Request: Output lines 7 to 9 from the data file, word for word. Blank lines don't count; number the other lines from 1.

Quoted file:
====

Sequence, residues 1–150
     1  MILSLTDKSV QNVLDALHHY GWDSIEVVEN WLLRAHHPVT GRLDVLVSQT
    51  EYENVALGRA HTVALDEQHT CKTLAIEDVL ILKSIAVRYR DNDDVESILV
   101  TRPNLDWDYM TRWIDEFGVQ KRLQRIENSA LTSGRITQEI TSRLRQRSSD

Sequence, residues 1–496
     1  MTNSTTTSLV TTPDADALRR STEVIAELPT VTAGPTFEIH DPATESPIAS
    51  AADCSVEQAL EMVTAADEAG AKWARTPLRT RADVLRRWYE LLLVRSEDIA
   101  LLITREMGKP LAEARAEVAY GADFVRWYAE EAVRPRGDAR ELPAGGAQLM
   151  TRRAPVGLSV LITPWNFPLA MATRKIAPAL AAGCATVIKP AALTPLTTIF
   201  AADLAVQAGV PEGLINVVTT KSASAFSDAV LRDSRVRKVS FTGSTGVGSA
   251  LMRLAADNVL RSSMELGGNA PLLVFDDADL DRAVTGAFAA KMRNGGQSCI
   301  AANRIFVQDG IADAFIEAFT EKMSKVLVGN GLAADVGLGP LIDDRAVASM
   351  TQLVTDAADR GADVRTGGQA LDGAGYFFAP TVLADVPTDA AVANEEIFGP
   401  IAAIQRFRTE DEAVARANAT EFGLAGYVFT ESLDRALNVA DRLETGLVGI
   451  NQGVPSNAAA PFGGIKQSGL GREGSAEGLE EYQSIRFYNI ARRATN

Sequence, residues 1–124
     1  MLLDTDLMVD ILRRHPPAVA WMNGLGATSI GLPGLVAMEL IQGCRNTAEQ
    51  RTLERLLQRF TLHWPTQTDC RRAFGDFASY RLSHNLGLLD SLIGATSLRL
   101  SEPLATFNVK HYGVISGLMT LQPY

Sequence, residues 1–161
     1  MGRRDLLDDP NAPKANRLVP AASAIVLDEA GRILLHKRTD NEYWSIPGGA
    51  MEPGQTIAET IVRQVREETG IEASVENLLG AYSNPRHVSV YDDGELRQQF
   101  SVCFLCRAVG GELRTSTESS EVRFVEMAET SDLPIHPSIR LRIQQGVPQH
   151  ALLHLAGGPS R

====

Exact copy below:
    51  AADCSVEQAL EMVTAADEAG AKWARTPLRT RADVLRRWYE LLLVRSEDIA
   101  LLITREMGKP LAEARAEVAY GADFVRWYAE EAVRPRGDAR ELPAGGAQLM
   151  TRRAPVGLSV LITPWNFPLA MATRKIAPAL AAGCATVIKP AALTPLTTIF